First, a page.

Last week Pentagon officials revealed that the number of ISIS fighters in Libya has grown to between 5000 and 6500 – more than double the number estimated last year.

In a previous post ('Why Libya peace talks are crucial in the fight against ISIS') I talked about the rise of ISIS in Libya and the need for a political settlement that could pave the way for cooperation between pragmatic military factions fighting ISIS. Such a deal was reached in Morocco last month, but so far a government of national unity proposed under the UN-backed plan has been rejected by Libya's rival parliaments over allocation of ministries and the transfer of power over military appointments.

If a viable unity government does not materialise in coming weeks, it is likely that an ad hoc coalition made up of the US, France, Italy and the UK will decide to intervene militarily. Last week, President Obama instructed his National Security Council to counter efforts by ISIS to expand to Libya, including by military action. Such action — likely to be more limited in scale than the 2011 intervention — would likely consist of an aerial campaign complemented by Special Forces, and intelligence liaison with Libyan armed groups on the ground.

While there are compelling reasons to prevent the metastasising of ISIS beyond its primary base in Iraq and Syria, earlier Western interventions offer three lessons that would suggest a military operation in Libya, however limited, is fraught with risk.

First, while Western countries focus on how, why and under what conditions they should participate in military interventions, far too little attention is paid to how such an intervention would end. It is true that a light military footprint can prevent some of the pitfalls of large-scale interventions such as Iraq and Afghanistan, but nevertheless, such interventions achieve little in the absence of a political settlement, risking the type of mission creep Western countries are trying to avoid.

Secondly, limited interventions of the kind currently being considered by the international community in Libya will, according to one voice from the field, 'work indirectly through partners and thus are most effective when security institutions exist or a patchwork of local armed actors shares enough common ground that it can be leveraged to promote stability.' 

There is no such common ground in the region of Sirte, an ISIS stronghold and the likely target of Western military action. Both rival Libyan governments have rejected the presence of ISIS in the region, but their military factions have been fighting each other in and around Sirte. US Special Forces have been deployed to Libya in recent months to liaise with these factions, assess capabilities, and identify local factions to support in an anti-ISIS surge.

Yet analysts have pointed out that singling out factions to work against ISIS will be challenging due to 'overlapping alliances, tribal connections, and shared interests among them.' For example, the Libyan Petroleum Facilities Guard, which is fighting Wilayat Tarablus (ISIS) in the Sirte region, is commanded by Ibrahim Al-Jadran, who is the brother of an ISIS commander and who has been accused by the head of Libya's National Oil Corporation, Mustafa Sanalla, of siphoning oil to ISIS.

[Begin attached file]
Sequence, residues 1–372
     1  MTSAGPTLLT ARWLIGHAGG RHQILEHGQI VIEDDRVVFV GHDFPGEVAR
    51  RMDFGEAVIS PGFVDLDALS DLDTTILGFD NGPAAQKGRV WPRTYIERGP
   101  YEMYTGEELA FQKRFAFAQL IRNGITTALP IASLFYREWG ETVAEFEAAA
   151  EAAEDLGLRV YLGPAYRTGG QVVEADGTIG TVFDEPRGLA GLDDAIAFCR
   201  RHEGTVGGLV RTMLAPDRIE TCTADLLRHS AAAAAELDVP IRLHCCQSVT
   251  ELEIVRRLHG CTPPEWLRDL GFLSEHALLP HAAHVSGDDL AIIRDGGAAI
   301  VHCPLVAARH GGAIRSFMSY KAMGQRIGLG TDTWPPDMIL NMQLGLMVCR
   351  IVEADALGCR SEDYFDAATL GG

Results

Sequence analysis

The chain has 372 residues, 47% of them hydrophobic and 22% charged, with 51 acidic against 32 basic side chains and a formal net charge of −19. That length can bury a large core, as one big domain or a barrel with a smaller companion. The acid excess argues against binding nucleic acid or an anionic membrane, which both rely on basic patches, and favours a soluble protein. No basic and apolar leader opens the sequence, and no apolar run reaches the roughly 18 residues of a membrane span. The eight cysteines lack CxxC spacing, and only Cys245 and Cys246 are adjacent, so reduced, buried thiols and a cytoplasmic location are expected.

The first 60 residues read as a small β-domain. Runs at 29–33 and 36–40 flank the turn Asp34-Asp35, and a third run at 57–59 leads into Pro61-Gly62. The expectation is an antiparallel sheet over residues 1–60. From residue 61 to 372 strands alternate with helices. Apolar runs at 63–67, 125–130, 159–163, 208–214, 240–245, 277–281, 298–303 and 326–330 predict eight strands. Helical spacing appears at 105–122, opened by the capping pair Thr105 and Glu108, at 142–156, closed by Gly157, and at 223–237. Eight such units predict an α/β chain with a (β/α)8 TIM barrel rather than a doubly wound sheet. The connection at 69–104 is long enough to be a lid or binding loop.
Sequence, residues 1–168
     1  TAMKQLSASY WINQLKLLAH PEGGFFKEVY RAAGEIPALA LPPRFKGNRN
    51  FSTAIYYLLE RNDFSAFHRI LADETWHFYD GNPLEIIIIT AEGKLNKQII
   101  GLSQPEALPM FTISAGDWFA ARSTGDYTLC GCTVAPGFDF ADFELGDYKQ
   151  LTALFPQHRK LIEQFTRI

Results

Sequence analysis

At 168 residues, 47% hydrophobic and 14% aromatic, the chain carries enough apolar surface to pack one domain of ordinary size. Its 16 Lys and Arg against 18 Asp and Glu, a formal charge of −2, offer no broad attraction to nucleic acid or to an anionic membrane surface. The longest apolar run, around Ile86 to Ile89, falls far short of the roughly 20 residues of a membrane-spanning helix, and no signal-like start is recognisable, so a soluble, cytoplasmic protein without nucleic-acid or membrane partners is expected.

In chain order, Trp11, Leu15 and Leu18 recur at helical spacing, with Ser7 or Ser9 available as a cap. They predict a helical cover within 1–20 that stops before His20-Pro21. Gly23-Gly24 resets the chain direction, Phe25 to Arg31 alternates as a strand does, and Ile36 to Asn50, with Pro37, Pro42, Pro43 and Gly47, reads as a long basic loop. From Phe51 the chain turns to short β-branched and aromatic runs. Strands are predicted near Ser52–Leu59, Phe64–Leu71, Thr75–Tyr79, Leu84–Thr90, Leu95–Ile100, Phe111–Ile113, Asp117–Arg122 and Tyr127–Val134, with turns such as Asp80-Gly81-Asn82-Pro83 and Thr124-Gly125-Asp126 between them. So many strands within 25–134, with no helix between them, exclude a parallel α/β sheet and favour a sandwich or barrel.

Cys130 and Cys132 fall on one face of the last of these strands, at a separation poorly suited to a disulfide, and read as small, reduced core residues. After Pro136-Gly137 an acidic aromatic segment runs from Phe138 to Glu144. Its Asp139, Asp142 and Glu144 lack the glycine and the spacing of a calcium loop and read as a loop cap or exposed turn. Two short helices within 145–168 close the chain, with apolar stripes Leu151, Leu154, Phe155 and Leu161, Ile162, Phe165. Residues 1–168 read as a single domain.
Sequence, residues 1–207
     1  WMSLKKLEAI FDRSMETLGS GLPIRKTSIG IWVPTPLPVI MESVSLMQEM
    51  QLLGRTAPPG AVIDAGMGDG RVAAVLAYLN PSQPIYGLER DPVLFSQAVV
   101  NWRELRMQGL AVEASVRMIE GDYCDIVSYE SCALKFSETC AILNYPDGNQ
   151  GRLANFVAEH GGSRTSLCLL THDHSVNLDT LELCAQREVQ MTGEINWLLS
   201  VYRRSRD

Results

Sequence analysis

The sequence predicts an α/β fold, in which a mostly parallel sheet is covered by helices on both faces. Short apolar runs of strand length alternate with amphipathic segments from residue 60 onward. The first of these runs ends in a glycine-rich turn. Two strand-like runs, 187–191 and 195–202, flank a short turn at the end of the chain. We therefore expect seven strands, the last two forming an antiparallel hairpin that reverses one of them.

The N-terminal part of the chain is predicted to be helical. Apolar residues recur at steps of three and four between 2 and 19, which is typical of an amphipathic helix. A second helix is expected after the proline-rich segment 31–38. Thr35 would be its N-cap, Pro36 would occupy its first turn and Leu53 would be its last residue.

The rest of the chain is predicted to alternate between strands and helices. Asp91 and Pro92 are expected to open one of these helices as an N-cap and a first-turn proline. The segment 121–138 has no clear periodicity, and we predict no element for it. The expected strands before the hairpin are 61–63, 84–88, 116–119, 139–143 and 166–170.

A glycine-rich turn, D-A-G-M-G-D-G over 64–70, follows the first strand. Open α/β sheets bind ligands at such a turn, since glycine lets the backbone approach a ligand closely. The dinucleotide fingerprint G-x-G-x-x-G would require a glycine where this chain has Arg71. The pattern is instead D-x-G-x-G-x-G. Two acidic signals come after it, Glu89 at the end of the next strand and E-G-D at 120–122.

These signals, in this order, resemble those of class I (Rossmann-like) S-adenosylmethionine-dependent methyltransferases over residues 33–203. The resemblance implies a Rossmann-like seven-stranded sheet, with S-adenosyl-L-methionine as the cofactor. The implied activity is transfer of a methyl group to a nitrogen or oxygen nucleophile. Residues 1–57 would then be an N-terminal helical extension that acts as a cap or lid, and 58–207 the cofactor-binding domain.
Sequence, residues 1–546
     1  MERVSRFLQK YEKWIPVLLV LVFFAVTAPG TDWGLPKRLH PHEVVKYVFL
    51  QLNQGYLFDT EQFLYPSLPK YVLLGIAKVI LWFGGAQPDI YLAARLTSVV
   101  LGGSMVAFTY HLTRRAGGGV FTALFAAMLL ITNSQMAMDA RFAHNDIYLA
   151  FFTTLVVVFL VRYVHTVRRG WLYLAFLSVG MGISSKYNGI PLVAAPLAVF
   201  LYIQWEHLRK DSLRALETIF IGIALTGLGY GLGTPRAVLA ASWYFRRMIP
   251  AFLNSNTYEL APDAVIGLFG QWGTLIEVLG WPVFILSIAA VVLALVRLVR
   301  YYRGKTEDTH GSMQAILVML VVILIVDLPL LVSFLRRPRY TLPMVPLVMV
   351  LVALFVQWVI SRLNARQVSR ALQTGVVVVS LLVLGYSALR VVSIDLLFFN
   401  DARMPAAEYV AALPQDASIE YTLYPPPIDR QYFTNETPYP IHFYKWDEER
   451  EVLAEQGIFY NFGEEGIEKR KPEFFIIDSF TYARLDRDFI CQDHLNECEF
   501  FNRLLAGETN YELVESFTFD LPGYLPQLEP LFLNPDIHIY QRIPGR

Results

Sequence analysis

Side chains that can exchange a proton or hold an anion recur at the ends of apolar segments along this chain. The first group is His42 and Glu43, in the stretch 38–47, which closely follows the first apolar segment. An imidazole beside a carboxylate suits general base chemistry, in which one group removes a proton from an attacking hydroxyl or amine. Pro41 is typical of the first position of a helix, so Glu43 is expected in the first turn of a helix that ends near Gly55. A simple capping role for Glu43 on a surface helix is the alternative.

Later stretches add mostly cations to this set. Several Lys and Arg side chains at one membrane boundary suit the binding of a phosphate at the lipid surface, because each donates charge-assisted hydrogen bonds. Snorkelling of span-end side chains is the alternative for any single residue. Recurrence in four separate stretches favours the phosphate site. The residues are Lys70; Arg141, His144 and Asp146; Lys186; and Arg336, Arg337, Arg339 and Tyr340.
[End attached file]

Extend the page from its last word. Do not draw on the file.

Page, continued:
The 'city-state' of Misrata, crucial to ISIS's expansion plans, has also deployed its powerful militias to Sirte to fight ISIS, and has repeatedly asked for military assistance from the US. It would provide Misrata with the international legitimacy it seeks to emerge as a powerbroker in a future political settlement. More importantly, its local interests could pave the way for an anti-ISIS alliance with General Haftar — who leads forces aligned with Libya’s internationally recognised government in Tobruk — pending the supply of weapons to his forces. However, it would further fragment the Dawn camp — a coalition of Islamist militias supporting Libya’s Tripoli government — to which the Misrata factions are allied, and inflame intra-Islamist conflict in Western Libya. Crucially, a rift between Misrata and the Ansar al-Sharia-aligned Islamist factions which dominate General National Congress (Dawn’s political body), would jeopardise UN efforts to establish a unity government.

Thirdly, as we have seen in Afghanistan, Syria and Iraq, a strategic rapprochement between key regional players is crucial to the success of a Western intervention. In Libya, both Algeria and Egypt support (to various degrees) the internationally recognised government and share similar cross-border security concerns. However, they diverge on the means to improve stability and security. Egypt has supplied Haftar’s forces with weapons and has twice conducted air strikes on targets in Tripoli and Derna, while Algeria, in line with its doctrine of military non-intervention, has advocated a political solution and firmly backed the efforts of UN Special Representative Martin Kobler.

A Western intervention would embolden Egypt to ramp up its military support for Operation Dignity — Haftar’s anti-Islamist military offensive in East Libya — and alienate Algeria, an indispensable broker of stability in the Sahel region and an influential power over major tribes in the western regions of Libya, which have long been marginalised due to their loyalty to Gadaffi, but whose role will be decisive in the formation of a national unity government.

Photo by: Godong/UIG via Getty Images